In this three-part series of articles, we have been discussing the absorption and bio-availability of the vital bio-nutrient Coenzyme Q10. As we come into middle age and then into our senior years, we produce less and less Coenzyme Q10 ourselves. Plus, certain medications — statin medications in particular — inhibit our bodies’ production of Coenzyme Q10 even more. And, we know that adequate intakes of Coenzyme Q10 are necessary for good heart health and a decent quality of life.
Once we have swallowed a Coenzyme Q10 capsule, what happens next? Specifically, what happens as the Coenzyme Q10 flows from the stomach to the blood? As it turns out, we know a fair amount about the transfer of the Coenzyme Q10.
The basics of Coenzyme Q10 absorption
Dr. William Judy’s study of Coenzyme Q10 absorption in large animals (large dogs that are conscious during the testing) and in humans have resulted in the following understanding:
Coenzyme Q10 is absorbed in the form of ubiquinone
Coenzyme Q10, regardless of whether it is taken in the form of ubiquinone supplements or in the form of ubiquinol supplements, will be absorbed in the small intestine in the form of ubiquinone.
Coenzyme Q10 is a vitamin-like substance that is an essential bio-nutrient. It is vital for the cellular process of ATP energy production. It is an important antioxidant protecting the cells against harmful free radicals. It is thought to improve epithelial cell function in the blood vessels and to protect against the development of atherosclerosis and high blood pressure. In this essay, we review some of the basic facts of Coenzyme Q10 absorption and bio-availability.
Importance of Coenzyme Q10 absorption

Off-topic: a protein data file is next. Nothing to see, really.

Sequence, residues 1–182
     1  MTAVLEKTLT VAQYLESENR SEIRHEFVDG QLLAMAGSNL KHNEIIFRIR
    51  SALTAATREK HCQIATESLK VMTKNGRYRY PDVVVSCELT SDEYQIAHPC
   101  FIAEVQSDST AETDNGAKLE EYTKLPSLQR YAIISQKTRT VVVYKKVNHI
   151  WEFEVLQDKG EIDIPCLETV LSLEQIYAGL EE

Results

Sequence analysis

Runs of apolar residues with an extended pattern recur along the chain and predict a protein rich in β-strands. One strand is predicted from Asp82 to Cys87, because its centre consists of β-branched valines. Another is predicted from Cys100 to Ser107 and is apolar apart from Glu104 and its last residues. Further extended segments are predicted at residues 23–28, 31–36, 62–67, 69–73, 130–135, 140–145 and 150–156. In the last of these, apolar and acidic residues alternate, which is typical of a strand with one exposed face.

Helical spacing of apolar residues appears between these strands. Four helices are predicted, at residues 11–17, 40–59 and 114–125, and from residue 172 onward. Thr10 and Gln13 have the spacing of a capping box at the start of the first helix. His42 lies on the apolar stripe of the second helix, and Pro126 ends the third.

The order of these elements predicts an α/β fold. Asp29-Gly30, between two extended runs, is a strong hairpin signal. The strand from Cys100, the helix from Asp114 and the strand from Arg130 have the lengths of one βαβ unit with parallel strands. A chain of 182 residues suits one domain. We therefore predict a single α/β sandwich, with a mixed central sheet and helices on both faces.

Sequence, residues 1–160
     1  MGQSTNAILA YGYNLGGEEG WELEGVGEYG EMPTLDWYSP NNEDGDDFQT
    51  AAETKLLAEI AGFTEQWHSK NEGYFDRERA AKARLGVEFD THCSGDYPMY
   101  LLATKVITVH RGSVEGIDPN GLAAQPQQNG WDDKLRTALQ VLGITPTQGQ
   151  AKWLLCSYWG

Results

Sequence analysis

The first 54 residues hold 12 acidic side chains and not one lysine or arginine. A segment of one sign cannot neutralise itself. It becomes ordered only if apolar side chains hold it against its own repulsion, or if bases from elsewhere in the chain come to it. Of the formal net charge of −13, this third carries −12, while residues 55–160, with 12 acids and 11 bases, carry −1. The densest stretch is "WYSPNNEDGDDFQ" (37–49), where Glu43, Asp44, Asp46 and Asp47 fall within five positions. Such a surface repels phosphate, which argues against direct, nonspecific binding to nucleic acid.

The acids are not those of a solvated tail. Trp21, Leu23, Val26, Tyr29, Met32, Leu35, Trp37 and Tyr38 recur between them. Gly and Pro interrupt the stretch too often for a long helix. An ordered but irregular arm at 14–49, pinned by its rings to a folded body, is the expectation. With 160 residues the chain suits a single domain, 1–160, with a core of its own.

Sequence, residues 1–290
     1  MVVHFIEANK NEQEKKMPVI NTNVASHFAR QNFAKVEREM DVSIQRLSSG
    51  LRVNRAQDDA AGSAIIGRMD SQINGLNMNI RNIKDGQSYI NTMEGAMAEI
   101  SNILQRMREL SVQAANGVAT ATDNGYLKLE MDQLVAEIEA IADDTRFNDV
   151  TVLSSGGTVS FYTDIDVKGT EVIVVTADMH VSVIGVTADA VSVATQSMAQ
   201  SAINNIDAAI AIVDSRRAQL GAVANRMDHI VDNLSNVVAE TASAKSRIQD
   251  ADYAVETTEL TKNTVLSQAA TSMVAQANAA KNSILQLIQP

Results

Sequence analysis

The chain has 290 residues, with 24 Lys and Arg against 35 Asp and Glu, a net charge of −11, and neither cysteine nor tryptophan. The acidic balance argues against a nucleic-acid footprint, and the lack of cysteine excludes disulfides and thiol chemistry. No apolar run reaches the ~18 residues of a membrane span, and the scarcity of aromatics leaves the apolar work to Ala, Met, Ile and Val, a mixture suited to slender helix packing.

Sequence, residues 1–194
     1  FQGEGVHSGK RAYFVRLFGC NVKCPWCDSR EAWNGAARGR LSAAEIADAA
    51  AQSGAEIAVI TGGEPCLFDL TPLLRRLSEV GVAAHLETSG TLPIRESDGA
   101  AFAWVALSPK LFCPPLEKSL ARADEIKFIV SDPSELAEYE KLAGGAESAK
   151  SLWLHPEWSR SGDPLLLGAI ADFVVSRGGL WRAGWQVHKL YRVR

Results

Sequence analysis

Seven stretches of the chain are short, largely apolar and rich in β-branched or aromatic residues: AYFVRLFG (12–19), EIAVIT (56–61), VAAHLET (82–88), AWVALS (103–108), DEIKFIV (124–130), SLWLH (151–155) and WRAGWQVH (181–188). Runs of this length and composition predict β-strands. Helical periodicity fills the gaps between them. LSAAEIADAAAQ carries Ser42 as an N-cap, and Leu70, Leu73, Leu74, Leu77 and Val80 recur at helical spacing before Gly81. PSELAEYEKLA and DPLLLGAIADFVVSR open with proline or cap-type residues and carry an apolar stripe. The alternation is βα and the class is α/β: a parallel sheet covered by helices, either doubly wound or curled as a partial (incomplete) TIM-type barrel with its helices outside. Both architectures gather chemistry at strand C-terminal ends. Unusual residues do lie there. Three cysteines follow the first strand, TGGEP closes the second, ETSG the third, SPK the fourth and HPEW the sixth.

Coenzyme Q10 bio-synthesis declines with age
Our bodies produce Coenzyme Q10 in much the same way that they produce cholesterol. However, once we reach our 20’s, our bio-synthesis of Coenzyme Q10 begins to decline with increasing age [Kalén]. One estimate is that the plasma Coenzyme Q10 concentration of an average 65-year-old will be only about half the plasma concentration of an average 25-year-old: approximately 0.65 micrograms per milliliter versus 1.35 micrograms per milliliter.
What about infertility problems and Coenzyme Q10, I was asked the other day. Mightn’t the improvement of cellular energy production and the protection against oxidative stress that Coenzyme Q10 supplements give, mightn’t they also help sperm quality and sperm motility? What about Coenzyme Q10 help for the quality of female egg cells?
Coenzyme Q10 and male infertility
Nature Reviews: Urology
In 2011, Dr. Annette Fenner, chief editor at Nature Reviews: Urology, published a note to the effect that supplementation with Coenzyme Q10 improves semen quality parameters and that the improvement in the sperm has been seen to be associated with improved pregnancy rates and live birth rates [Fenner].
Okay, from solid research results, we know several things about the essential bio-nutrient Coenzyme Q10.
- our bodies produce Coenzyme Q10, which is an essential substance for our cells’ energy production and for the antioxidant protection of our cells
- once we reach our 20’s, our body’s own production of Coenzyme Q10 decreases with increasing age
- statin medications inhibit our bodies’ production of Coenzyme Q10
- we are very unlikely to get all the Coenzyme Q10 that we need from our food
- the risk of heart disease and other diseases increases with the lesser availability of Coenzyme Q10
- we need a daily Coenzyme Q10 supplement.
Coenzyme Q10 levels in tissue cell and in plasma
Basic fact: Plasma Coenzyme Q10 levels will always exceed tissue cell Coenzyme Q10 levels except, possibly, in some very well-conditioned athletes, e.g. soccer players and cross-country skiers and cyclists. In some superior athletes, the tissue cell Coenzyme Q10 levels and the plasma Coenzyme Q10 levels may come close to being equal.